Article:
Comair: It was never our aim to ground SAA

Erik Venter (Supplied)
Erik Venter (Supplied)

Cape Town – The application to challenge the R5bn government guarantee for South African Airways (SAA) in 2012 was not an attempt to shut down or privatise the airline, Comair said on Monday.

Comair CEO Erik Venter said on Monday that the action taken by JSE-listed Comair [JSE:COM] was not a challenge to stop all funding of SAA. Neither was it a proposal to privatise, challenge the shareholding of SAA, or attempt to shut down SAA, he said.

Comair, the operator of kulula and the domestic routes of British Airways, said on Monday it was disappointed that North Gauteng High Court Judge Hans Fabricius dismissed its application.

“Comair’s sole objective was to attain a level playing field in the domestic aviation market to ensure that all airlines face the same risks and the same requirements to operate on sound commercial principles,” said Venter.

“Government bailouts for SAA skewed this commercial reality as it impacted negatively on all current and potential airline operators.

“Our objective with the legal action was to ensure that funding to SAA, that will ultimately come out of taxpayer funds, follows the correct parliamentary procedure for appropriations out of the fiscus, that government would only provide funding to SAA after consultation with all affected stakeholders (as per the Promotion of Administrative Justice Act), and that any funding is in accordance with government’s Domestic Aviation Transport Policy.”

Why Comair’s case was valid

Comair said the dismissal of the application by Judge Fabricius “simply means that the judge did not rule in favour of the specific remedy sought by Comair, to set aside the R5bn guarantee”.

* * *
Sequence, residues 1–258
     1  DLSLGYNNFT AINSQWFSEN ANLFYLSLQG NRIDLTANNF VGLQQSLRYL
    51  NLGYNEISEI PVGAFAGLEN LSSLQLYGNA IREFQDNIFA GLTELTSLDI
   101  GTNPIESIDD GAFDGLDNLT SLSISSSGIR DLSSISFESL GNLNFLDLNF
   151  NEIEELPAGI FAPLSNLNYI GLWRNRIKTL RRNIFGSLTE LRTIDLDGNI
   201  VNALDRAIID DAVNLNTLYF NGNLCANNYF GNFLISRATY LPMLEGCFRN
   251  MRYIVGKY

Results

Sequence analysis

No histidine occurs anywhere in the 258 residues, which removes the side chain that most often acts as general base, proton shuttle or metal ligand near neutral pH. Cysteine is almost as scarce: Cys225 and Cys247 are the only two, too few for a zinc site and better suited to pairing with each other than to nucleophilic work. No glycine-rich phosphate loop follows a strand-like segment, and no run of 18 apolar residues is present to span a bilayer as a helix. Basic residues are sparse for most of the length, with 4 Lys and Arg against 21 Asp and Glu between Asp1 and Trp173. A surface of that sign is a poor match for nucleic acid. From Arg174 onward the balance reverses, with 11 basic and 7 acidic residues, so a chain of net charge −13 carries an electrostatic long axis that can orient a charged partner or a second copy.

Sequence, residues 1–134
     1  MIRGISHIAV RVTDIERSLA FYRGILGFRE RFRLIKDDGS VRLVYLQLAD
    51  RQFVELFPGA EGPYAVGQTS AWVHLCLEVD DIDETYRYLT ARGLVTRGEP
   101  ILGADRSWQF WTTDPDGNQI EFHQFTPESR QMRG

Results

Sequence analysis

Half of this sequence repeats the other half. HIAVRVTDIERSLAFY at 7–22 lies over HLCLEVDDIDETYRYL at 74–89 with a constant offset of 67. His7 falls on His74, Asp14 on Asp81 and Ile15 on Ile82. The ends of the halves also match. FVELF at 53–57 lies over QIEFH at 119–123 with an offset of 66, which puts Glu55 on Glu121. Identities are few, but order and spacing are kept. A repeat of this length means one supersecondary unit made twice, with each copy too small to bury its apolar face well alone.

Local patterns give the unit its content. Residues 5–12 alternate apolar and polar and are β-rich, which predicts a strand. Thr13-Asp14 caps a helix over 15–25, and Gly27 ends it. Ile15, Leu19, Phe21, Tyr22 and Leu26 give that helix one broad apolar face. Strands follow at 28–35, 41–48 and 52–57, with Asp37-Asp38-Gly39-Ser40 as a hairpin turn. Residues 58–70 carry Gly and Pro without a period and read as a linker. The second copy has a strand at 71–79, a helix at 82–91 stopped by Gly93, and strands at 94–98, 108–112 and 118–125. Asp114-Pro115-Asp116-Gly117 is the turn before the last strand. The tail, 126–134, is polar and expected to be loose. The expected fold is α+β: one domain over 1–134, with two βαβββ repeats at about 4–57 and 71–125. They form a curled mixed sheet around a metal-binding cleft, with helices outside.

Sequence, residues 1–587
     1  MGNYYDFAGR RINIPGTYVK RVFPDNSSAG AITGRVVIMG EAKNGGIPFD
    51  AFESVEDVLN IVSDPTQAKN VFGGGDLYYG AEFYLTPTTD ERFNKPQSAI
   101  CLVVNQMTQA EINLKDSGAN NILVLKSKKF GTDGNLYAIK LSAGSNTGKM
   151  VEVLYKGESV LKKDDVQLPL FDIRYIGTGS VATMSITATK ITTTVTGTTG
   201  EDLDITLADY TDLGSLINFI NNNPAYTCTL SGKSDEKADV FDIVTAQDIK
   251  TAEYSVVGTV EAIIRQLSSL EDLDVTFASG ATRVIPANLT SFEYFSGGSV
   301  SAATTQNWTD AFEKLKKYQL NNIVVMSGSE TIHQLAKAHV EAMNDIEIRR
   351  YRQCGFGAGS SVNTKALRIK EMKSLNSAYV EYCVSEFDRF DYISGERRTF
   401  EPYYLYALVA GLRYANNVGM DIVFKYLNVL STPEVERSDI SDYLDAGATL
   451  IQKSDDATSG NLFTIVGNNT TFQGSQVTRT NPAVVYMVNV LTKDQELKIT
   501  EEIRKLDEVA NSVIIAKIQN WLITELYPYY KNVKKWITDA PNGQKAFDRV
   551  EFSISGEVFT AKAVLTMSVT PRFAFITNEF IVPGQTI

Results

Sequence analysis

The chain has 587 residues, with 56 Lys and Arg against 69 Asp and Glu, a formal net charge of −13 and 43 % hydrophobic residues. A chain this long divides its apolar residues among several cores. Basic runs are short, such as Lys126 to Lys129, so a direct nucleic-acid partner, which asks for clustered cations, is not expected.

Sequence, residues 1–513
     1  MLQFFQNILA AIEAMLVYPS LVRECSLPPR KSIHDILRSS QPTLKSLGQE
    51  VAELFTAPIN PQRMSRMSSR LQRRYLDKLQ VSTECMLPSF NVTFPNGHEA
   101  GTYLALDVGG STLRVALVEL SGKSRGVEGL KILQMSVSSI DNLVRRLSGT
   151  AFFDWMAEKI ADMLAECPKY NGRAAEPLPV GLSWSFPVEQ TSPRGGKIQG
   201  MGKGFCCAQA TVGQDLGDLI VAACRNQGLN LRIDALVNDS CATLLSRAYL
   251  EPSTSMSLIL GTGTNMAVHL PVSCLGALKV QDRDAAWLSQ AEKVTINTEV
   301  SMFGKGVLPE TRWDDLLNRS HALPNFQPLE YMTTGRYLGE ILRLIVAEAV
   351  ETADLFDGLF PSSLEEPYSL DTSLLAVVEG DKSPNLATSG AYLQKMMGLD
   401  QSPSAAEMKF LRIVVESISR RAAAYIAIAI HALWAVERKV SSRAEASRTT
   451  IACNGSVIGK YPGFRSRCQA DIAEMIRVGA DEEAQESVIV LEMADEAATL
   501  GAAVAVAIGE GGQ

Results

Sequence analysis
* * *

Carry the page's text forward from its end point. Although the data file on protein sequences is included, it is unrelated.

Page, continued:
Comair said it “believes the fact that there was no award for costs would indicate that the judge considered Comair’s case to be valid”.

Ruling on the costs on Monday, Fabricius said: “The views raised in these proceedings were genuine, substantive and complex. In my view Comair should not be mulcted in costs because it was unsuccessful. It penned a genuine constitutional claim.”

Comair said it needs to study the full ruling before it can make further comment, as there might be aspects in the 75 page ruling that could have positive implications for Comair.

Comair: Guarantees don’t comply with legislation

In February 2013 Comair took its battle to the High Court, challenging the failure of ministers of finance and public enterprise to comply with official government policy and legislation, which governs the operation of SAA as a state-owned entity and its competitive relationship with the rest of the aviation industry.

Comair’s legal view was that the current and previous government guarantees, which now amount to over R14bn, do not comply with either the Domestic Aviation Transport Policy or the current legislation (the Constitution, the SAA Act, the Promotion of Administrative Justice Act and the Public Finances Management Act).

Commenting on next steps, Venter said Comair will consult with its legal team to consider its options and the way forward.

* SAA has not yet responded to media queries.

Background Info on Comair's High Court Case

Brent Crude
All Share
Top 40
Financial 15
Industrial 25
Resource 10
All JSE data delayed by at least 15 minutes morningstar logo
Company Snapshot
Voting Booth
Do you think it was a good idea for the government to approach the IMF for a $4.3 billion loan to fight Covid-19?
Please select an option Oops! Something went wrong, please try again later.
Yes. We need the money.
11% - 943 votes
It depends on how the funds are used.
74% - 6285 votes
No. We should have gotten the loan elsewhere.
15% - 1293 votes